Tag Archives: Jo Nova

Jo Nova and the ABC

Jo Nova has just posted for the second time on her interview with ABC. For those unfamiliar with Jo Nova, she is the most well known Australian skeptic, and her website attracts considerable attention. As a result, the Australian ABC chose her, and her husband, to represent the skeptical side of the climate change debate. Having seen other skeptics abused in the editing process, Jo asked for an independent cameraman to film the interview as insurance against bad editing. I forget her exact words, but it was something along the lines of ‘protecting our reputations’. Jo has now published the full copy of the interview, and contrasts it with the way that their views were presented by ABC. Jo gives an account of what was used from 2 hours of interview for herself below:

Jo:                Carbon dioxide.

Jo:                There’s some small immeasurable amount.

Jo:                The data says –

Joanne:      (Laughs)

Jo:                The planet is not going to be destroyed.

Jo summarises how they presented their argument thus:

David and I made it absolutely clear that we held our positions because of the evidence (between us we mentioned the word “evidence” nearly 100 times). But this wouldn’t have fitted with the theme later in the show where Smith and Nasht get psychologists to explain that it’s really all about “ideology”, and skeptics are skeptics because they’re old white males. (Like Jo right?) An honest doco would have taken care to at least let David and I explain our position. David showed four pieces of evidence that showed the models are wrong, yet the editors completely removed any reference to three of the four key pieces of evidence. This is despite the graphs being filmed twice, and referred to repeatedly by both David and myself in preps and in the filming. Indeed, I mentioned “28 million radiosondes” five times (a reference to the missing hot spot).  Later, David pointed out that ignoring the poor siting of thermometers is one way the modelers conceal the failure of their models. The editors jumbled these two aspects together with tricky snipping to suggest that the photos of thermometers were one of our “two” key points of evidence for the failure of the models.

That number is important: we clearly presented four pieces of evidence (1. models overestimated air temperatures from 1990, 2. models overestimated ocean warming since when we started measuring it properly in 2003, 3. models predict a pattern of atmospheric warming — responsible for most of the warming in the models — that is entirely missing from copious weather balloon measurements, and 4. models predict outgoing radiation increases with surface rising surface temperature when satellite measurements show the opposite). But they moved David’s words around (by cutting and pasting) to make it appear he said he presented two pieces (which he never said), and to make it appear as if the dodgy land thermometers were one of those two pieces of evidence. Net result: they actively concealed from the audience, by trickery, the evidence that mattered and that we presented four independent sets of data in support of our position.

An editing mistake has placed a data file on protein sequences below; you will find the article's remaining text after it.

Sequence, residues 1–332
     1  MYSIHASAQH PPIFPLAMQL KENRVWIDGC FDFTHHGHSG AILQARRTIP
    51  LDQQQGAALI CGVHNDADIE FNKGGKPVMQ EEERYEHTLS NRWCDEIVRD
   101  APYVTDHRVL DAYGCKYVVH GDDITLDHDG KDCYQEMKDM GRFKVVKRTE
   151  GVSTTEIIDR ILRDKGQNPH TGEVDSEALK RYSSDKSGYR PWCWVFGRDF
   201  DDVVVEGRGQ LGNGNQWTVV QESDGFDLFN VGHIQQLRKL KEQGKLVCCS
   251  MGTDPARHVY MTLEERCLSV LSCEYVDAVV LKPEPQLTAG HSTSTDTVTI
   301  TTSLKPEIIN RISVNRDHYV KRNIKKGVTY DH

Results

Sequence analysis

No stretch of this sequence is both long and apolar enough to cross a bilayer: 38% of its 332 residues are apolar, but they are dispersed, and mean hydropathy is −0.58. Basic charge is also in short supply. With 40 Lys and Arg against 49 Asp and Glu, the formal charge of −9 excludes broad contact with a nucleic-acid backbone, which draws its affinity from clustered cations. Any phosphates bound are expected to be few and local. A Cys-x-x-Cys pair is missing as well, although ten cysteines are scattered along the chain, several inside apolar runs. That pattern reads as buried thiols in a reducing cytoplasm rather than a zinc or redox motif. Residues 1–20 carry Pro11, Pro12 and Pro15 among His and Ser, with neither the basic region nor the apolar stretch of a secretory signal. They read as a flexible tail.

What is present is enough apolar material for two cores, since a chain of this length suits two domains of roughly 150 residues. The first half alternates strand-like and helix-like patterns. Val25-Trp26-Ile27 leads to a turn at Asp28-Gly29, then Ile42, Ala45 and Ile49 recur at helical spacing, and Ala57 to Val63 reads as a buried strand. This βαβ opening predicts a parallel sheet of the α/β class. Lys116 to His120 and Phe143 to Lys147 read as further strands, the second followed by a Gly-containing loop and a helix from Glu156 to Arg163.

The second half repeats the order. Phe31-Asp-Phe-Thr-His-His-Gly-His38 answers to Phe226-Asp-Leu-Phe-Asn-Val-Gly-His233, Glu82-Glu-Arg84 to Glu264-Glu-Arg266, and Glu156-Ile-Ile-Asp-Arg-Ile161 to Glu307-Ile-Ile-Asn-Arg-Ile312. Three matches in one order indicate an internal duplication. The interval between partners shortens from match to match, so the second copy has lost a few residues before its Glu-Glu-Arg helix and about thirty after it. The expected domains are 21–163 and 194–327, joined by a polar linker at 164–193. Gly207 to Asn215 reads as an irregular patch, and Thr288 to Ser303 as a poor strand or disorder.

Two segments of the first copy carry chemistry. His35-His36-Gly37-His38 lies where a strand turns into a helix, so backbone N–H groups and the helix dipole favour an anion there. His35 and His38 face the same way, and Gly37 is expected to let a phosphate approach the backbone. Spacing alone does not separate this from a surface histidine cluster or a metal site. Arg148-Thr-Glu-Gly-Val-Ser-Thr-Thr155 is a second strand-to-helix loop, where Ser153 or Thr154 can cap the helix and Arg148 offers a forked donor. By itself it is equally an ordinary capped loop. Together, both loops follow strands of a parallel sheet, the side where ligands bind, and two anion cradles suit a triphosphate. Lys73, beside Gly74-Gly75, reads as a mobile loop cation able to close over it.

In looking at the transcript and video, it is very apparent that they were, in no way, presented fairly in the ABC documentary. Indeed, an emphasis on the evidence by Jo and her husband David was the main theme of their argument. In response, the interviewer instead continually pointed to authority (e.g. the IPCC) instead of actually engaging with the argument based upon the evidence, or turned the subject to smears regarding funding. There were a few exceptions, but these simply highlighted the interviewer’s poor knowledge of the science in question.

Overall it is a very shabby incident. For those who are new to the climate change debate, I would strongly recommend taking a look at the video of the interview. It delves into some technicalities which are difficult if you are unfamiliar with the climate change debate, so parts of the interview may be hard going. However, if you can take the time to watch it, note how the debate plays out; the presentation of observational evidence that contradicts the climate models, the refusal of the interviewer to engage with that evidence (mostly), and the switches to appeals to authority and ad hominem attacks. In the final edit for the documentary, the arguments put forward by Jo and David are distorted, and the result is, by any reasonable standard, an extremely biased presentation. If you have any doubts, the transcript of the broadcast can be found as a link at the bottom of the page here, annotated by David.

I highlight this as it is a good illustration of the problems with the portrayal of the skeptical case. There are no startling revelations in the interview, but a presentation of the skeptical case based upon evidence. To those familiar with the debate, there is nothing new, but for those unfamiliar with the debate, it gives an opportunity to see how a media outlet may be in thrall to alarmist arguments, and seek to hide/distort the skeptic view. It is important for this reason alone; for those unfamiliar with the debate, it shows that much of the media cannot be trusted on this issue.